I have heard comments from Chinese officials that they might look to diversify their asset base. The most substantial appeared to be a plan to invest in oil, although the statement was clear that this was an idea for the future, not an actual activity. I know that the end of M3 measurement could possibly make this harder to evaluate.

But I think your assertion is just plain wrong and would like to hear why you think differently.

You are right about China swithing, I had read some of the same comments and hurried to extrapolate their words in actions.
Nevertheless it is obvious that they have been planning for that for a long time and pegging the yuan to a basket of currencies istead of USD alone was the first step of it. They will surely try to do it incrementally not to shake the market but I am not sure this will be a safe play in the current situation.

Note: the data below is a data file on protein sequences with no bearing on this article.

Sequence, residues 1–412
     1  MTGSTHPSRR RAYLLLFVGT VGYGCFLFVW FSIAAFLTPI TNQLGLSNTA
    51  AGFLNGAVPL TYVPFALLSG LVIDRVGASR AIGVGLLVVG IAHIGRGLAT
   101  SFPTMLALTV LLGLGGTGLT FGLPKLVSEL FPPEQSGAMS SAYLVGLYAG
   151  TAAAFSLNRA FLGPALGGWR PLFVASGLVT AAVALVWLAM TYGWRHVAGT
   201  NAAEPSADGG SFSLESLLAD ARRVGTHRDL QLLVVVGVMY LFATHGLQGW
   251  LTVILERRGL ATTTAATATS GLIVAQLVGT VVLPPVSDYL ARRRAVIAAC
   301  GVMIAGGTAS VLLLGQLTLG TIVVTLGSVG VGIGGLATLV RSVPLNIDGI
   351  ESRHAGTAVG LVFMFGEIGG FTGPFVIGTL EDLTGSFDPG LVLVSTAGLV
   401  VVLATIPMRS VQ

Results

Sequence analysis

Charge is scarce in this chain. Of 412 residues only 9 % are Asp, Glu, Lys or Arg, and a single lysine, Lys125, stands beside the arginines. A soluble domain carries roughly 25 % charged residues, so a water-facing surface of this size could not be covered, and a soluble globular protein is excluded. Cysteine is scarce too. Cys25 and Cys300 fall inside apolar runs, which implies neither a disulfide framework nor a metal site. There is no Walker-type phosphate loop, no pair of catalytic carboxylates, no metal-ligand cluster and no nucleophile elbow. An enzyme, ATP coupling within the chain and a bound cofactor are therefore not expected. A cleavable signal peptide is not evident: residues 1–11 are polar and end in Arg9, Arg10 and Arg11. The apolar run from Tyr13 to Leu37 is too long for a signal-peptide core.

Let's go back to the beginning - you are claiming they will not do it because they will lose the value of their assets; That one is true but there are also other truths around.
My claim is they can do it and are in fact positioning themselves for such an option especially if USA endangers their energy supplies. In such case the loss of value will be a minor price for the resulting effect especially if they play their cards well.

Unluckily I don't see a fruitful outcome from such an argument - there are too many ifs and subjective judgements here. And it's already becoming too late at my longitude...
Have a nice one.